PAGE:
Desal Nation, part 2: California style

The team finds itself in the unusual position of praising a local (San Francisco) television station for its coverage. Taking a break from petty crime, murders, fires, and traffic accidents, San Francisco’s ABC affiliate, KGO, offers A Look at the Desalination Process, an informative video update on the state-of-the-art of desalination efforts in water-challenged California. Of particular interest are the numerous small desal plants that pepper the coast (see map at left grabbed from the video) that have been deployed to test the concept. They work, but they are currently delivering a meaningless minuscule percentage of the water requirements for the communities they serve. The KGO reporter does not gush about the potential; desalinated ocean water is and will be very expensive and otherwise problematic (think lots of dead and otherwise threatened coastal and sea life) for the foreseeable future.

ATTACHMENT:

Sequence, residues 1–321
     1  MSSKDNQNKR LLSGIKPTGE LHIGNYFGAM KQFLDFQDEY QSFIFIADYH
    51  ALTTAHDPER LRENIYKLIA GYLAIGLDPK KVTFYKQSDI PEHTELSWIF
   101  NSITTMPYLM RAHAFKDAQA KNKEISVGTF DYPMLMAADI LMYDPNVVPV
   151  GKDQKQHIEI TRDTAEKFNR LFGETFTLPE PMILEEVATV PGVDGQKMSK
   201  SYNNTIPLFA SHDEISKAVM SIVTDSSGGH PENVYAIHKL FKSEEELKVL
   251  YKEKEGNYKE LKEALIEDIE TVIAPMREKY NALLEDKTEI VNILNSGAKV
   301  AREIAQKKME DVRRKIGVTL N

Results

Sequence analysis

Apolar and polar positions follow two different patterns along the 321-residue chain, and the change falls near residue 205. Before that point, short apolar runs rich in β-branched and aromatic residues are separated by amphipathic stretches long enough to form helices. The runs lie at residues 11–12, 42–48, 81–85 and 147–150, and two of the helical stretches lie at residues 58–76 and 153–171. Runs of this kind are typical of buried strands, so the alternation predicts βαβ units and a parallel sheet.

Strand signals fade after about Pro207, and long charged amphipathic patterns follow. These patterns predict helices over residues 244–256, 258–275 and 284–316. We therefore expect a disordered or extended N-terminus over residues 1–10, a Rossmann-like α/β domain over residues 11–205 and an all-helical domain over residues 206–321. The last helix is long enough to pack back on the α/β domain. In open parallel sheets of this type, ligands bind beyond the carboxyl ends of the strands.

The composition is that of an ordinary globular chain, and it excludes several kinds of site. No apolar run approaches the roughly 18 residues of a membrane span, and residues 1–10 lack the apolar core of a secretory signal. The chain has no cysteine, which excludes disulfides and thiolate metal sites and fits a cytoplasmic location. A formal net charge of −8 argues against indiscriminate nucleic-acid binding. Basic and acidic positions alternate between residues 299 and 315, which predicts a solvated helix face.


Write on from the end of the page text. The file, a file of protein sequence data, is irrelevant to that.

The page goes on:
We have dutifully added a link to the KGO video to our ever-growing page of desalination resources: Getting Serious with Desalination. Included in that compendium is a narrated slide show called A Tour of Tampa Bay’s Desalination Plant, written and narrated by a journalist who specializes in water issues, Cynthia Barnett.


One Response

  1. There is an option. Offshore desal, it uses half the electricity, has almost zero envirnmental impact, costs half as much as land based desal, and does not take up coastal property. Proof of concept was tested in Montery Bay and it works. It can be scaled from very small to very large.

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